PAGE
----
Hierarchy of ‘users’ needs

As Maslow’s Hierarchy of Needs theory describes, we human beings have different levels of needs. Our most basic needs are physiological needs such as eating and sleeping. These must be met first. Having satisfied these needs, we seek a feeling of safety; and then we want to have a sense of belonging. Once these needs are met, we yearn to feel confident about who we are and what we do. And above all these needs, we have this innate desire to fulfil our highest potential – we want to create something or to stand for something.

Aarron Walter, in his book Designing for Emotion, translated Maslow’s model of human needs into the needs of users:

In order to deliver a positive experience, an interface for a product or service must be functional. And it needs to work well every time, so that it’s reliable. And it needs to be user-friendly. When designing a digital system, companies run many rounds of usability testing to ensure that users can perform desired tasks successfully.

The problem with Minimum Viable Product

Due to the popular movement of adopting “Agile” methodol- ogy, the term MVP – Minimal Viable Product – has become a catchphrase among digital product development teams. MVP is a concept urging teams to create something as quickly as possible and get it into the hands of real people. By releasing the MVP, teams aim to test it and quickly adjust and improve the product. The original definition of MVP is a version of a new product that allows a team to collect the maximum amount of validated learn- ing about customers with the least effort.3 This means MVP is a learning and development mechanism, rather than a goal.

However, two things about this worry me.

First, MVP is often misunderstood as a goal. Teams aim to produce MVP and end up delivering merely a functional product that does not deliver the positive intended experience. I’ve often observed MVP as a concept misused to justify releasing a subpar product that does not satisfy users’ needs.

Second, the value of the craft side of design is often neglected due to the pressure of having to launch something quickly. While it is important to be agile and release a version fast so that we can validate and learn, we must not forget that what we are designing needs to embrace all levels of user needs. I often hear teams complain that the work of “design” is slow. It is not just because the design process may take longer. It is because design is a reflective and contemplative process of exploring possibilities. And design is about crafting and weaving all elements of human experience such as visuals, sounds and touch so that we can sat- isfy and attract users emotionally.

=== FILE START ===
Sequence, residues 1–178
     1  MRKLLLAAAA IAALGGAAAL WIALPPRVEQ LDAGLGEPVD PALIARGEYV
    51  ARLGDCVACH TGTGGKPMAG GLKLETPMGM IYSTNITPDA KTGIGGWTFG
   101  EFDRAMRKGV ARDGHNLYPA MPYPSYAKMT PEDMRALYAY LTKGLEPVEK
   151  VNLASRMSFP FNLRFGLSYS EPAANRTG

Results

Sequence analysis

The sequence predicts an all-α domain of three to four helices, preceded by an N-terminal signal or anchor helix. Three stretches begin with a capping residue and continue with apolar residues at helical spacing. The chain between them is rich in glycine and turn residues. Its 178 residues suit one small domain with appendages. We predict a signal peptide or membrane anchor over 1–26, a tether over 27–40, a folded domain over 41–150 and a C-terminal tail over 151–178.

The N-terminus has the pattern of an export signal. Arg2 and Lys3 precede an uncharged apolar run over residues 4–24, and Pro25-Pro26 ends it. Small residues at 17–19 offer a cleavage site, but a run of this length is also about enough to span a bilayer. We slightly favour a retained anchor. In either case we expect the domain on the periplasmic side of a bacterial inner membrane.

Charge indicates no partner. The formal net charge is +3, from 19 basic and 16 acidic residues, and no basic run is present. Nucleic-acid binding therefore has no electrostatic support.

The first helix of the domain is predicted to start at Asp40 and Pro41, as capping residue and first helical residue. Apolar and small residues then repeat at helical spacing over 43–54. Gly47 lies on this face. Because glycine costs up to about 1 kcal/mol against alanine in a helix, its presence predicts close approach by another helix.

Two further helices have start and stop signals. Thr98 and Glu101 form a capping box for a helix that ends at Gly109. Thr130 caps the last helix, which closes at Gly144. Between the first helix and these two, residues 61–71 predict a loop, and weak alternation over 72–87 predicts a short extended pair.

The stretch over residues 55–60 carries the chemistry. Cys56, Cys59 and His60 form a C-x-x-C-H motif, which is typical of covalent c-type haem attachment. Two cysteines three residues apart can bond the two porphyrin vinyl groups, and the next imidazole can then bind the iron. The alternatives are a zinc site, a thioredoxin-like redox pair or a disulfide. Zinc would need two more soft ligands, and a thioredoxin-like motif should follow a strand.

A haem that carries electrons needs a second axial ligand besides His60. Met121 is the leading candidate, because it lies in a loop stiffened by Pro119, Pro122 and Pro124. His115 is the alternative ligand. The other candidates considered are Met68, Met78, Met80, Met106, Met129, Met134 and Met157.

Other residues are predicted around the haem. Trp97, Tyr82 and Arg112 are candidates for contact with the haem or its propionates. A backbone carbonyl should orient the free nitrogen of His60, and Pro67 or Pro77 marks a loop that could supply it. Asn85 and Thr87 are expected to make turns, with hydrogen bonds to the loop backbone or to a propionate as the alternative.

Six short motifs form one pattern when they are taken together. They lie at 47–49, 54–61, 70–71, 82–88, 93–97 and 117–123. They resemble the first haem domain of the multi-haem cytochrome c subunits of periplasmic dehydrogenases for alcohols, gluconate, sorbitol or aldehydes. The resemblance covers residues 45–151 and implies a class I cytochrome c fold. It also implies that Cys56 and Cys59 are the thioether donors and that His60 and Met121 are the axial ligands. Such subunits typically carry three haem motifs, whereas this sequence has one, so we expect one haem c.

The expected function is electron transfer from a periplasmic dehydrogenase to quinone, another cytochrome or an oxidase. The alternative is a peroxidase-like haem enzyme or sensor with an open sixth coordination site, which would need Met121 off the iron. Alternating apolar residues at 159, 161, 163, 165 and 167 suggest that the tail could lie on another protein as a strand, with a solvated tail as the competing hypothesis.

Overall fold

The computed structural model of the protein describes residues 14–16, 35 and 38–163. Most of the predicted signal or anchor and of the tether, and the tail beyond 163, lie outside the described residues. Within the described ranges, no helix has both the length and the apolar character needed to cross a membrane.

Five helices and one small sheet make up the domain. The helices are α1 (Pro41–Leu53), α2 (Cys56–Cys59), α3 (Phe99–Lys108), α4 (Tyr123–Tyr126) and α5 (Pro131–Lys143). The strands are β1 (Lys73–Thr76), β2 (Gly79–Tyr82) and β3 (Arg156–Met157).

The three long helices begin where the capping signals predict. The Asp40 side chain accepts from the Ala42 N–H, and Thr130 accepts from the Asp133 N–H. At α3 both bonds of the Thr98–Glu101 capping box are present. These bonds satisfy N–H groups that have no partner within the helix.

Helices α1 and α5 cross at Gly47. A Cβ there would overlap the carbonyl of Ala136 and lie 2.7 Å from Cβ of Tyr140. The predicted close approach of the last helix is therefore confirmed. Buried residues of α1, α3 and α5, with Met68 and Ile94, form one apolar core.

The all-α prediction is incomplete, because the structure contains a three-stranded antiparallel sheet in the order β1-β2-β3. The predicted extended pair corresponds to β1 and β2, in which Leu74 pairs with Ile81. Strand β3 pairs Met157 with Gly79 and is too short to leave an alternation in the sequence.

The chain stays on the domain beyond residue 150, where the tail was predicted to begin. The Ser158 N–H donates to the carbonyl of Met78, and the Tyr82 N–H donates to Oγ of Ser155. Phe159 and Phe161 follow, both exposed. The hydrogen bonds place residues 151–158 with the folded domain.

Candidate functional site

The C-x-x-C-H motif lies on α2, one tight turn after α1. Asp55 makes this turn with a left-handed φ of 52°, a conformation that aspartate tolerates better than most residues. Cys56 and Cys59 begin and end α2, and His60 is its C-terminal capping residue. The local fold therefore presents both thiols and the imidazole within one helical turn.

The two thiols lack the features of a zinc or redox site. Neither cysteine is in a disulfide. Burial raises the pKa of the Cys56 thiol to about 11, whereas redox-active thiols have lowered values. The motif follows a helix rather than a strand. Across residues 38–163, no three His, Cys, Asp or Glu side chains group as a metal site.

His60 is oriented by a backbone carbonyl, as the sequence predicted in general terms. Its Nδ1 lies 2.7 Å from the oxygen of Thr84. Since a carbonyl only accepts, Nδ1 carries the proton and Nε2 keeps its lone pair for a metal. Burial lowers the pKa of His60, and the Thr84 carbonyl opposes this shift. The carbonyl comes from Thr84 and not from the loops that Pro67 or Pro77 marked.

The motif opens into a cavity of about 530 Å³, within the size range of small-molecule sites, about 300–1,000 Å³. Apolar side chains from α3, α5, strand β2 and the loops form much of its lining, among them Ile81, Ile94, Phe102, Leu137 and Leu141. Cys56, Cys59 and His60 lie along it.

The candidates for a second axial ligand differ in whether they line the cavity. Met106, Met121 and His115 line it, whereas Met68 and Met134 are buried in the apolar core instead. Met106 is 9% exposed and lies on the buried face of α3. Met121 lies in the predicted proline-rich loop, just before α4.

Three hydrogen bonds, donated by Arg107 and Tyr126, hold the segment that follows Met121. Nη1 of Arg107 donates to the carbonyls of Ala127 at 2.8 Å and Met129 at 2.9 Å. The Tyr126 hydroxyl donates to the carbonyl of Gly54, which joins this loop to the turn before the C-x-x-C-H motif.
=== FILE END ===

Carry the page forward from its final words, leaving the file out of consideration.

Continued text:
Developing agility while allowing this reflective and deep pro- cess of design is key in creating products and services that win customers’ hearts.

MVP to MLP – Minimum Lovable Product

 

We need to change our mindset when designing a customer experience. Instead of delivering experiences by horizontal slices (functional level first, emotional level last), we should go by ver- tical slides. This means that each release of a product includes elements of every level – it is functional, reliable, usable and emo- tional. It is a deliberate choice you can make to go with possibly fewer features but to make them engaging, rather than releasing as many “functional” features as possible.

To drive this mindset change, I encourage you to change your vocabulary, from MVP to MLP – Minimum “Lovable” Product.

Why love? The word “love” might seem somewhat foreign to your line of business. By “love”, I refer to the positive emotions you want to create for your customers. There is a big difference between your customers being satisfied and when your customers love the experience. If we aspire to create that love, we start with a different frame of mind altogether.

Love stretches your thinking. Love simplifies.

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Discover how to define that ‘vertical slice’ of Minimum Lovable Product from The Simplicity Playbook for Innovators.